Advantages and Disadvantages of Parliamentary Government
A parliamentary system is a form of government where the executive branch -- responsible for the operation of the state bureaucracy -- and legislative branch -- responsible for enacting the laws of the land -- are more intertwined, as opposed to a US-style representative republic, in which the two branches are distinctly separate. Parliamentary governments, which exist in Canada, Australia, the UK and many other countries, have a number of features that some may see as advantages or disadvantages, depending on their point of view.
Legislation Passes Quickly
In a parliamentary system, it is easier to pass legislation as the executive is accountable to the legislative body. This is in contrast to a presidential system where the executive is chosen in a separate election and has the power to veto legislation. Whereas the executive in a parliamentary system is typically from the majority party, in a presidential system the executive is often from a different political party than the legislative body, resulting in stalemates. Some might say it is a good thing that parliamentary systems can pass legislation more quickly so they get more done, but others might say such a system lacks necessary checks and balances.
- In a parliamentary system, it is easier to pass legislation as the executive is accountable to the legislative body.
- Whereas the executive in a parliamentary system is typically from the majority party, in a presidential system the executive is often from a different political party than the legislative body, resulting in stalemates.
Easy to Remove the Executive
Because the executive is accountable to the legislature in a parliamentary system, it's much easier to remove the executive than in a presidential one. If a prime minister loses the support of parliament, it can force out the executive without great upheaval. The parliament did this to former prime minister Margaret Thatcher in 1990. In a presidential system, the executive may only be removed in the case of criminal activity. Some might say this is an advantage of a parliamentary system as a president who is unpopular but difficult to remove will become a "lame duck" or powerless figure. However, some might say this is a disadvantage as it eliminates the check an executive provides against the whims of the legislature.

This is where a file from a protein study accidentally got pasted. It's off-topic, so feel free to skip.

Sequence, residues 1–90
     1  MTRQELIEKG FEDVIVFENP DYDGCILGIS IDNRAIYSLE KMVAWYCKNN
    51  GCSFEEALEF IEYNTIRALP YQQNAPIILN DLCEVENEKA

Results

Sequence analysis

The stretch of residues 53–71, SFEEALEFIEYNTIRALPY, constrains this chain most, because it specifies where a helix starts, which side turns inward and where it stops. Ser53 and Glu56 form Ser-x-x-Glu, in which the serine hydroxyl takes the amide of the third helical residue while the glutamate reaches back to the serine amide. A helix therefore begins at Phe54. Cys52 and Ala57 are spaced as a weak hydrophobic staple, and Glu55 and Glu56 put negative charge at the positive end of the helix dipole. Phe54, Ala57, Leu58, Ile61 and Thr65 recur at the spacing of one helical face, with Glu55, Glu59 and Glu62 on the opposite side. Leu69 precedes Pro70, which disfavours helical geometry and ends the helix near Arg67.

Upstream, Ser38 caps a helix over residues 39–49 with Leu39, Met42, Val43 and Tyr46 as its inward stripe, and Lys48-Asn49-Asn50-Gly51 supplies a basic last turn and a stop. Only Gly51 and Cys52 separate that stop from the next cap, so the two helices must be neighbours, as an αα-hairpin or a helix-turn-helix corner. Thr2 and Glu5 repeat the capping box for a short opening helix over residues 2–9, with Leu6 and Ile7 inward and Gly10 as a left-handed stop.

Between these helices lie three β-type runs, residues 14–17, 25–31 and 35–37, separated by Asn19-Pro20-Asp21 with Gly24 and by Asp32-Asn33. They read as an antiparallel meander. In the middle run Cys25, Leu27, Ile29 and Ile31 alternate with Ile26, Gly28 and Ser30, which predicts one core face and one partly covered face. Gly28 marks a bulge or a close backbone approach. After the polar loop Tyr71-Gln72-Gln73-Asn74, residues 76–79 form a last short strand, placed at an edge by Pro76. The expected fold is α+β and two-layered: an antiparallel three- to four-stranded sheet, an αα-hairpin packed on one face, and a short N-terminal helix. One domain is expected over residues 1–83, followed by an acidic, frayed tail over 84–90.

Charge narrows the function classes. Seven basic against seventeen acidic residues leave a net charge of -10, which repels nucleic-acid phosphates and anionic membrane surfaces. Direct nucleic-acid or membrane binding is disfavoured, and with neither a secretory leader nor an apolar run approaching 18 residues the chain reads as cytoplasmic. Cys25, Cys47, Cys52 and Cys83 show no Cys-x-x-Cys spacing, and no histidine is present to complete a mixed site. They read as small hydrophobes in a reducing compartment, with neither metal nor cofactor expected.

- Because the executive is accountable to the legislature in a parliamentary system, it's much easier to remove the executive than in a presidential one.
Some criticise the parliamentary system for being too democratic, pushing aside the needs of the minority in favour of the majority. Whereas in a presidential system a legislative body is held in check by an executive and a judicial branch of government, in a parliamentary system the legislature is the most influential part of the government. However, some argue that the presidential system is flawed because voters democratically elect both the legislative and executive branches anyway, and thus both can claim a democratic mandate, whereas voters choose a single legislative and executive body in a parliamentary system.
Power Spread Out
Power is more divided in a parliamentary system, spread out among a number of leaders in parliament, including the prime minister, the majority party leader and the whip, to name a few. A prime minister does not have as much power as a president, and thus political ideas are more important than individual people. In a parliamentary system, a shift in power can take place without an election.
Scott Thompson has been writing professionally since 1990, beginning with the "Pequawket Valley News." He is the author of nine published books on topics such as history, martial arts, poetry and fantasy fiction. His work has also appeared in "Talebones" magazine and the "Strange Pleasures" anthology.